(If you're just coming to the blog and want to read from the beginning of the trip, start here.)
Day 4: Salta - Jujuy - Purmamarca - Tilcara - Humahuaca
Distance: 260 kilometers
We woke in Salta at 6:30, well rested from a real bed. The plan was to make haste to Purmamarca via Jujuy, so we skipped breakfast and were on the road by 8:15. In the road atlas, it looked like rt9 north was the most direct route, but the hostel manager explained that the newer highway east (also called rt9) was actually faster. The older road was "very dangerous," he said repeatedly while making spiraling motions with his hand.
The rain had passed, and the sky now was sunny and blue. The road was surrounded by mountains and occasional wheat fields. We rode 200 kilometers, past Jujuy (a city with not much recommending a stop) and turned off the main road toward Purmamarca. This was also the road to the Salinas Grandes salt flats, so the town would be our base for the next few days. (Originally we had planned to do the mountain ride to the salt flats on the same day, but Steph had the foresight to reverse the itinerary with the next day, making the time much more balanced.)
Energized, a little rested, and electronics fully charged (including our very important helmet walkie-talkies), we got back on the road for the 30km to Tilcara. Tilcara is another dusty desert town, but much bigger than Purmamarca, and is home to archeological excavations of an Incan fort city, Pucará.
Pucará. (The pyramid in the center is a monument to the discovering archeologists, not part of the ruins.)
|Llamas at Pucará|
Some very odd cacti
From Tilcara, we continued north toward Humahuaca. The mountain curves were wide, the kind that can be safely ridden at tight leans very fast. Unlike while stopped, the Street Glide surprised me with how wonderfully it leaned while riding. Curves are a vital part of what makes motorcycling so thrilling: a bike doesn't fight the inertia like a 4-wheeled vehicle; it leans into a turn the way a running animal would lean. In the riding course I took, we learned to accelerate through turns (after decelerating if necessary before entering it), to maximize control and traction with the road, and that feeling (multiplied by the thousands of curves we traversed) is incredible. Some passengers freak out at this, but Steph - as long as I didn't go too fast - loved it!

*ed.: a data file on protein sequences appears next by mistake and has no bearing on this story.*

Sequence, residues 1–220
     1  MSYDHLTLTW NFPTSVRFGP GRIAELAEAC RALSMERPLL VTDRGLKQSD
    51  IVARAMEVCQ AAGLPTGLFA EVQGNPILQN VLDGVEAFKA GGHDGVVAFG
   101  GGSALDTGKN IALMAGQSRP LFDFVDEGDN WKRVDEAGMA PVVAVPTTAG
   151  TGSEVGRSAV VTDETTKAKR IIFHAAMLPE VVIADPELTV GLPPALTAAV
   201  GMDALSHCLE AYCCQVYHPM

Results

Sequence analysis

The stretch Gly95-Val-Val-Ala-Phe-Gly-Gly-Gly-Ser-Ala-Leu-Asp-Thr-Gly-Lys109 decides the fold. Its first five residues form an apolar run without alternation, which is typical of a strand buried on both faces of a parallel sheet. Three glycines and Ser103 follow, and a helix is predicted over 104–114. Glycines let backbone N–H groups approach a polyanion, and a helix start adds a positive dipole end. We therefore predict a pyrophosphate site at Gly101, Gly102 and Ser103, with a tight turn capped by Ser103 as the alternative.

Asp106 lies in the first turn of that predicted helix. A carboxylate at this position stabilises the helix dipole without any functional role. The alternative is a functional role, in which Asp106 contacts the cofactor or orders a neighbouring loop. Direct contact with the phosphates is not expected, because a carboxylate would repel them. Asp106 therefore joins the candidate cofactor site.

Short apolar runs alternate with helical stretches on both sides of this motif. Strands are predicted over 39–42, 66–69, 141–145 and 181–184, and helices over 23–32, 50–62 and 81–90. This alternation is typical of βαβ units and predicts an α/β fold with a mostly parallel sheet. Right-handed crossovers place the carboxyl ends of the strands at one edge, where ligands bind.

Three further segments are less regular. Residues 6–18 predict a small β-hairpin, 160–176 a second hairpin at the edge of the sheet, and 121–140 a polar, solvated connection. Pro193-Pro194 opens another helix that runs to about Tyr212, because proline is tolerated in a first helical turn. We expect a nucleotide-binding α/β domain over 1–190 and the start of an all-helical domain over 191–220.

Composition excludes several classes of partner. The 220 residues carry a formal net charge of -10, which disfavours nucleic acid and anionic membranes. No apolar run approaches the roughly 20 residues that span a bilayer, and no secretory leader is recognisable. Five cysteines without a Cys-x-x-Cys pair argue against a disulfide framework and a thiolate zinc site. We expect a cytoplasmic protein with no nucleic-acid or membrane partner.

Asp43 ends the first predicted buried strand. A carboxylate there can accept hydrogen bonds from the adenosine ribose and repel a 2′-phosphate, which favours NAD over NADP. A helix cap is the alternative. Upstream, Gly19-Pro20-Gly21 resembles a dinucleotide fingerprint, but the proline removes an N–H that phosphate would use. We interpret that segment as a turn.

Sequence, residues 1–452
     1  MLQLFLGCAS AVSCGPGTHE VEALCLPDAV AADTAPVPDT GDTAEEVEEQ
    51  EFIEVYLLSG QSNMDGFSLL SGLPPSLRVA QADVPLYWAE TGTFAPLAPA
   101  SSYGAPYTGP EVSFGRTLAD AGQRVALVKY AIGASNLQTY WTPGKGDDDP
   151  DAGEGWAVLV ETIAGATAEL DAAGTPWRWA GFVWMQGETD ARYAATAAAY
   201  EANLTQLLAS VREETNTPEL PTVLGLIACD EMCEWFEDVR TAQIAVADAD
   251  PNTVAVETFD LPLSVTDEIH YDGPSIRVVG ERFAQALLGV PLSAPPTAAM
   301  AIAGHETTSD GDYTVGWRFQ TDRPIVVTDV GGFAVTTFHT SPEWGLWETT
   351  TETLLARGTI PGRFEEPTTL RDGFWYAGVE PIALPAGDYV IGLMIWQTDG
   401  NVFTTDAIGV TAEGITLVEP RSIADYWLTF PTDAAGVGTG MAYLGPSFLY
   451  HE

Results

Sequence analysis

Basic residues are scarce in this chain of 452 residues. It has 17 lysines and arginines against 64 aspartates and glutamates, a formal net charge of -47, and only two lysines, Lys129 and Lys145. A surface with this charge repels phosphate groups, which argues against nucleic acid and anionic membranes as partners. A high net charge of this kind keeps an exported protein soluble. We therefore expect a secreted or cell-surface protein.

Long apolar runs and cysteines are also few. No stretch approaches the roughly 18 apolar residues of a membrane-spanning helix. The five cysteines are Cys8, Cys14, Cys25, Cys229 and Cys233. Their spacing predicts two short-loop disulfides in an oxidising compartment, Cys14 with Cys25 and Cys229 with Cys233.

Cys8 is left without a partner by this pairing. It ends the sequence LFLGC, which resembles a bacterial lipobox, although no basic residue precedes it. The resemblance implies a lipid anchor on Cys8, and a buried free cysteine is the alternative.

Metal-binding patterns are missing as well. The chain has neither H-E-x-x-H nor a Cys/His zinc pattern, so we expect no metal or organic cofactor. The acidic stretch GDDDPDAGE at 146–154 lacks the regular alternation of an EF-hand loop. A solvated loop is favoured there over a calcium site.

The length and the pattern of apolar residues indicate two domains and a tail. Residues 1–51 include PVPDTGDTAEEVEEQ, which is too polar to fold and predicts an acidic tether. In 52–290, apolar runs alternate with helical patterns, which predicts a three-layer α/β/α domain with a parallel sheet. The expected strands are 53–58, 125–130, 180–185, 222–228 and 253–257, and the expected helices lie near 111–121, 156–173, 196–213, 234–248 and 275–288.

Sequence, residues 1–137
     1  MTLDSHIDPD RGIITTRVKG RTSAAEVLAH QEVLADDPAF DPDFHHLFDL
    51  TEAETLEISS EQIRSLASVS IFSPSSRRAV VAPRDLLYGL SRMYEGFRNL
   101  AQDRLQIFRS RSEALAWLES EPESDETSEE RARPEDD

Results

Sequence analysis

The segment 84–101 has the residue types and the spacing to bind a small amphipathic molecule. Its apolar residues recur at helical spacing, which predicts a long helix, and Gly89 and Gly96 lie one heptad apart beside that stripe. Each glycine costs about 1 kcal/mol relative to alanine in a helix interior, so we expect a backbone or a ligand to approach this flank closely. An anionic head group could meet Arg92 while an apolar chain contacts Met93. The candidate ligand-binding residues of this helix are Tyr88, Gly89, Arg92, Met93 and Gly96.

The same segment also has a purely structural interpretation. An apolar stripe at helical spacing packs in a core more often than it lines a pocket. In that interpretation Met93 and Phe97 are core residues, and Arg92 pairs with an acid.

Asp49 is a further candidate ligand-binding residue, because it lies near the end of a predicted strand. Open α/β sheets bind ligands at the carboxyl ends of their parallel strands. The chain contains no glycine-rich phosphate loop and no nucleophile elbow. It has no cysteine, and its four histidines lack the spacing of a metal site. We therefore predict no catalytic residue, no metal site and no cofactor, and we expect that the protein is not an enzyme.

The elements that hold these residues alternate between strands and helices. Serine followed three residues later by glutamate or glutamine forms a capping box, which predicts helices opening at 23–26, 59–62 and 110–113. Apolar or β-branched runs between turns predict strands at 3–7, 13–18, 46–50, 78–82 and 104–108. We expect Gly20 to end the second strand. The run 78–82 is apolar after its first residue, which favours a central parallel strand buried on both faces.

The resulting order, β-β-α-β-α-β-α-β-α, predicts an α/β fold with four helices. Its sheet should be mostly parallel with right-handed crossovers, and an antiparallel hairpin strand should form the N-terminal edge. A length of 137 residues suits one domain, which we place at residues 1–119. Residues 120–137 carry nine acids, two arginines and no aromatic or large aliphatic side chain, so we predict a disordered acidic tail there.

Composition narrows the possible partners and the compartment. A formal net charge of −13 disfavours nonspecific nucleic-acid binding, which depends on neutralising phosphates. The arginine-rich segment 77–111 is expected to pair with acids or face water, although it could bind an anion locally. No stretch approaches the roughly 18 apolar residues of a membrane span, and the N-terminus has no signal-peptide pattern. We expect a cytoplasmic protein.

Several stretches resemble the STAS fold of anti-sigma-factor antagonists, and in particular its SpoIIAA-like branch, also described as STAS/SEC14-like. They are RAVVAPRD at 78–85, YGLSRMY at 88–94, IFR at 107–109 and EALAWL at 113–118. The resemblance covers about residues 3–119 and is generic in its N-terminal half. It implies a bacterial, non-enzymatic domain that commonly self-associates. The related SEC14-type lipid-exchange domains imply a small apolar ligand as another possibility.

This whole area is part of the Quebrada de Humahuaca, a UNESCO World Heritage site, a ravine that has served as a trade route for millenia. All along the way were bridges over wide, dry riverbeds of the Rio Grande, which was still dry from the winter, but which flows again in the summer.
Campsite with laundry and rain cover drying
Amazingly cheap feast
How many colleged-educated Americans
does it take to start a fire?
|The bike covered in mud, dust, and splattered bugs|
|Randomly, a 1926 Ford Model T at a gas station|
|A wild horse|
Continue to Day 5...